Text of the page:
How do airline credit cards work?

By Erica Sandberg  |  Published: August 9, 2017

Opening Credits
 Erica Sandberg is a prominent personal finance authority and author of "Expecting Money: The Essential Financial Plan for New and Growing Families." She writes "Opening Credits," a weekly reader Q&A column about issues for people who are new to credit, for CreditCards.com.

Dear Opening Credits,
I am trying my best to understand how credit cards work, specifically airline credit cards. I hope you can bring some clarity to my confusion. My first question is how can I calculate my own APR before I make a purchase? What is the difference between no annual fee and annual fee? Which one is best? The American Airlines credit card allows you to use the card to pay for hotel stays. If I use it for hotel stays, will I have to pay a higher annual fee? If you use a credit card once a month out of the year, do you only pay for the one month you use it or you still have to pay for the rest of the year? – Ann

Dear Ann,
I completely understand your confusion! If you haven’t used these credit cards before, they can seem complicated. Here’s the scoop:

To answer your first question, most credit cards advertise a range of interest rates. You won’t know which annual percentage rate (APR) you will qualify for until you are approved for the card. Your APR is the interest rate charged on credit card balances expressed in a standardized, annualized way. The APR is applied each month that an outstanding balance is present on a credit card.

To determine the amount of interest that will be added to a purchase if you choose to pay a balance over several months, use a credit card payoff calculator. Plug in some sample numbers now, to see what it may cost you to carry a balance from month to month on the card. For example, if you charge \$1,000 to a card with a 21 percent APR and paid it off in three months, the interest charges would total \$35. Spread the debt out over a year and the interest would be \$117. Know that no interest will be added if you pay off the entire amount you charge each month.

Most (but not all) airline cards carry an annual fee, which is typically assessed when you open the card and then on your anniversary date of opening the card each year after that. Oftentimes, an annual fee is waived the first year. The fee is typically less than \$100 for airline cards.

The Frontier Mastercard and the JetBlue credit card are two airline cards with no annual fee. (Frontier and JetBlue also offer credit cards with annual fees that have sweeter sign-up bonuses and rewards.)

A credit card’s annual fee does not change depending on where or when you use a card.

Airlines work with a bank or credit issuer and a payment transaction company such as Visa or Mastercard to develop a co-branded credit card. For example, United Airlines partners with Chase and Visa for the MileagePlus Explorer card (\$95 annual fee), JetBlue has teamed up with Barclaycard and Mastercard for the JetBlue Plus card (\$99 annual fee) and Delta Airlines joined with American Express (which conducts its own transactions) to develop the Gold Delta SkyMiles card (\$0 annual fee the first year, then \$95) – and so on.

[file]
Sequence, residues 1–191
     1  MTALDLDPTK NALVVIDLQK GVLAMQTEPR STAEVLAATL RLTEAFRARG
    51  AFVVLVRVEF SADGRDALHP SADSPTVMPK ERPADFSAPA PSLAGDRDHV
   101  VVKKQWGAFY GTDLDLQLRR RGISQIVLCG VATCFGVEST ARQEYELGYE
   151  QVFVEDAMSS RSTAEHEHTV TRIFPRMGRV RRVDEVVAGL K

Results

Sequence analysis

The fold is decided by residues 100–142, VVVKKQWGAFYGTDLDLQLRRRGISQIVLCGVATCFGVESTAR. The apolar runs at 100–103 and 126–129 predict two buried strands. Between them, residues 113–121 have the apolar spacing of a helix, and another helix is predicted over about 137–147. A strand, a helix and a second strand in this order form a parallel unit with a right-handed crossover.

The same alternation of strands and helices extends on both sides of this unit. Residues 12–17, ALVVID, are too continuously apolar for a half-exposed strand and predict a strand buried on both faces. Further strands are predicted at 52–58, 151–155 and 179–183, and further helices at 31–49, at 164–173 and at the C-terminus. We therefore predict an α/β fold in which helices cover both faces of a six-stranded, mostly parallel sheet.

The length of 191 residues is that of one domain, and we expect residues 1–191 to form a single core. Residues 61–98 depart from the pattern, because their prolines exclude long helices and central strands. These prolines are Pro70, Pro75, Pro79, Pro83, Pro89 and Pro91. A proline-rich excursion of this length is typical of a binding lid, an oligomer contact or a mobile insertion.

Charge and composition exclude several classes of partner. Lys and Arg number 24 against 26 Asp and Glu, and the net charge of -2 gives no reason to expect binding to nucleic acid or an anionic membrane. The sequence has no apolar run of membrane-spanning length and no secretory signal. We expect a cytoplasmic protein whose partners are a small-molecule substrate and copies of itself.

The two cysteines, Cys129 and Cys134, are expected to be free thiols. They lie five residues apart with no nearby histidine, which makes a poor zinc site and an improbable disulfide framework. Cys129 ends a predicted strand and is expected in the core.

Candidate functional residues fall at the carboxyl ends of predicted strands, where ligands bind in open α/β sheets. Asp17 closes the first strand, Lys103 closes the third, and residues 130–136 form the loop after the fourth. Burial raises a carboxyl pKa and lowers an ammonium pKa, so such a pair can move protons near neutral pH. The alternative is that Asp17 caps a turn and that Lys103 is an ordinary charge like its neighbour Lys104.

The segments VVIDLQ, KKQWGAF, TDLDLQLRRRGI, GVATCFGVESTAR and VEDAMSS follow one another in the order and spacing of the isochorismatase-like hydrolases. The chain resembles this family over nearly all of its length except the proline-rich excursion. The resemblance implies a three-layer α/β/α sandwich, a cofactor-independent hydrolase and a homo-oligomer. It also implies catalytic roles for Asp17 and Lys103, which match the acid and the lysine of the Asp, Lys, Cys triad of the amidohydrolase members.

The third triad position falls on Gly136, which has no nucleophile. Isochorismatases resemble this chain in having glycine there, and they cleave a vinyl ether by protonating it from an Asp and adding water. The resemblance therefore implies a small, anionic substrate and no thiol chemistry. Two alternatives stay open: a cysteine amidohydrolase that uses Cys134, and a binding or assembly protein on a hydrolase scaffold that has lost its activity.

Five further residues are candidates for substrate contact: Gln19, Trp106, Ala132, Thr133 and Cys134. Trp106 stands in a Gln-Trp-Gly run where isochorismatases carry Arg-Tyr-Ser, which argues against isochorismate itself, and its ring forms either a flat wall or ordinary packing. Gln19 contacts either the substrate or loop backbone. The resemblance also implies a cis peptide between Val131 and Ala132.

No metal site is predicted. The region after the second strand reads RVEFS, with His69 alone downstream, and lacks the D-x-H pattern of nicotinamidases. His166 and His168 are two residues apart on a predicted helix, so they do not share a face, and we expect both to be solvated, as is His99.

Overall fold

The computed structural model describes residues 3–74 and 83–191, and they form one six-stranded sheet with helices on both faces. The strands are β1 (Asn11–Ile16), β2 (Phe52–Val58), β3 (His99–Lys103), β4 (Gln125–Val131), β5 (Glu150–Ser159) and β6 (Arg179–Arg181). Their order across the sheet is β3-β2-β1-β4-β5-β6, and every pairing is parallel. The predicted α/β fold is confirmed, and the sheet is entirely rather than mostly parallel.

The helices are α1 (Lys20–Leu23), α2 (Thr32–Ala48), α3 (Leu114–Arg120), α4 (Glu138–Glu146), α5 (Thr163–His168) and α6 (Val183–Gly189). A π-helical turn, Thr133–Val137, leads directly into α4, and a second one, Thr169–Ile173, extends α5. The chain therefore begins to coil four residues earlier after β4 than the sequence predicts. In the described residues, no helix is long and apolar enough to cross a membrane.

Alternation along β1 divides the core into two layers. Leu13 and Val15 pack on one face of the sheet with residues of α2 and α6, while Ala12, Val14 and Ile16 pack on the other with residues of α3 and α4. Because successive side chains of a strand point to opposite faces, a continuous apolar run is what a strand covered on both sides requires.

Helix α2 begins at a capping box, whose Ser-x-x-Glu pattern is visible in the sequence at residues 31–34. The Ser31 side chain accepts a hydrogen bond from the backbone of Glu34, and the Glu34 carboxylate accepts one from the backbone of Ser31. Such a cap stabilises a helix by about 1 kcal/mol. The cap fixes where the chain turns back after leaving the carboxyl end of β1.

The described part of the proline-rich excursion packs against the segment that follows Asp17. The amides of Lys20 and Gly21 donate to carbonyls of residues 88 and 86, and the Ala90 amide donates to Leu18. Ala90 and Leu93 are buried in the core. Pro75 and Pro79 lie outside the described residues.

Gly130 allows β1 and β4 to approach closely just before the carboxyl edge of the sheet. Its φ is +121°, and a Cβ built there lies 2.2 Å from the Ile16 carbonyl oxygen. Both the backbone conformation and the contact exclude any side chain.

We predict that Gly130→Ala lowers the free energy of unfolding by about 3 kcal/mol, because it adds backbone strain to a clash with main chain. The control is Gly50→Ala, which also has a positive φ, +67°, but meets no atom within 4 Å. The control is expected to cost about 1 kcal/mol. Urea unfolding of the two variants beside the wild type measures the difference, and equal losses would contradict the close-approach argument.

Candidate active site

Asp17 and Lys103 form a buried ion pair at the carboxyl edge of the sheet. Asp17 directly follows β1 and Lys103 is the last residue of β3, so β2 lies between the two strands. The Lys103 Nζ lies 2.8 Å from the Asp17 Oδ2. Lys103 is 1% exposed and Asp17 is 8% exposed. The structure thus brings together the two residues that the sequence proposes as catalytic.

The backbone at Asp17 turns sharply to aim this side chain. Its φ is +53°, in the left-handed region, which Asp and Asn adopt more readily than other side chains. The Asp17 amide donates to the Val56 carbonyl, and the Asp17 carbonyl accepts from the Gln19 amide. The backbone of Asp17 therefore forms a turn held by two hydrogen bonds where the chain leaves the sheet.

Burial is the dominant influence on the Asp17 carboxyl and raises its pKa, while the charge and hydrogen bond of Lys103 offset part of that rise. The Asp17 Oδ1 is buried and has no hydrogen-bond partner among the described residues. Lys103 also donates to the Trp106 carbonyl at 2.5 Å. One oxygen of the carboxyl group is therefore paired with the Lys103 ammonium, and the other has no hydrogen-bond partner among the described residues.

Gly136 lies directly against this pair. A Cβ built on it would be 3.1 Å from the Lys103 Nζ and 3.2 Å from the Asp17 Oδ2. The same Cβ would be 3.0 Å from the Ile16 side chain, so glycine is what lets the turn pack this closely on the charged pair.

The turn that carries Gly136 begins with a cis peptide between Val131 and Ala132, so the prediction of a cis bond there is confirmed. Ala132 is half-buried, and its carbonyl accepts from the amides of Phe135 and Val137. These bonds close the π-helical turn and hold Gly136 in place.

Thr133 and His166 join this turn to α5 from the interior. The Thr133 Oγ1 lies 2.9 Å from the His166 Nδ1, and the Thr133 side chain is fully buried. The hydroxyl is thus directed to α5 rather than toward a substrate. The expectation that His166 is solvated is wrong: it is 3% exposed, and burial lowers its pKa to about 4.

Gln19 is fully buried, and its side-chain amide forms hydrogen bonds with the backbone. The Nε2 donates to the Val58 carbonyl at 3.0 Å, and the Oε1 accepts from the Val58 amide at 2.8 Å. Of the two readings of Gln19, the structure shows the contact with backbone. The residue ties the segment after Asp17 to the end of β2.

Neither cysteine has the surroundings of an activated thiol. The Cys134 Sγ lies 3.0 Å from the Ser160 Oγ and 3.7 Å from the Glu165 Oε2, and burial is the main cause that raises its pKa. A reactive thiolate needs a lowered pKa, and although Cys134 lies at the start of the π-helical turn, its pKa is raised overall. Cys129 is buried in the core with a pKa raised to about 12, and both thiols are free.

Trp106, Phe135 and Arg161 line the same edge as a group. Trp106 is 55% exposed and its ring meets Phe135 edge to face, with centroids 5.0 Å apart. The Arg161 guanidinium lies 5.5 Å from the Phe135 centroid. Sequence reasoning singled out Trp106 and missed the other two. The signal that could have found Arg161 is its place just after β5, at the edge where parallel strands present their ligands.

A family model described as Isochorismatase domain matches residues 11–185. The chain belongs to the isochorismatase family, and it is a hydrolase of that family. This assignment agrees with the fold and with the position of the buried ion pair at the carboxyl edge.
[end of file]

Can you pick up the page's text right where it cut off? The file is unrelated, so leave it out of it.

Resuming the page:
All airline credit cards offer the cardholder travel rewards. If you book your flight with the partnering airline, you may receive priority check-in, upgraded seating, complimentary baggage check or entry into a VIP lounge. Each card has its own bonus point plan, too.

You will often get a certain number of points for spending at least a minimum amount of money with the card in the first few months of being approved. After that, each time you charge with the card you’ll earn more points. You can redeem those points to get free flights or for something else, such as statement credits, gift cards or merchandise.

When looking at all the available airline card options, you should focus on the airline you like to fly, then check the terms for the cards affiliated with that airline. Some airline cards will have higher annual fees than others, but you can come out ahead if the value of the benefits is greater that what you pay annually.

For example, let’s say you tend to check a bag when you travel. That might cost \$25 for each leg of the journey. If the card you like has a \$95 annual fee and covers checked baggage, you’ll break even with two round-trip flights – and you will come out ahead with each additional flight for which you check a bag.

You can use airline credit cards anywhere the credit card network (i.e., Visa, Mastercard or American Express) is accepted, including hotels, rental cars or even gas and groceries.

And no, you won’t be financially penalized for spending with the card once and paying off the balance. However, to avoid having the issuer cancel the card due to inactivity, and to keep the card and your rewards points active, you’ll need to take it out for a spin every once in a while.

Does a personal finance problem have you worried? Monday through Saturday, CreditCards.com's Q&A experts answer questions from readers. Ask a question, or click on any expert to see their previous answers.

Join the discussion
We encourage an active and insightful conversation among our users. Please help us keep our community civil and respectful. For your safety, do not disclose confidential or personal information such as bank account numbers or social security numbers. Anything you post may be disclosed, published, transmitted or reused.

The editorial content on CreditCards.com is not sponsored by any bank or credit card issuer. The journalists in the editorial department are separate from the company's business operations. The comments posted below are not provided, reviewed or approved by any company mentioned in our editorial content. Additionally, any companies mentioned in the content do not assume responsibility to ensure that all posts and/or questions are answered.

Updated: 08-23-2017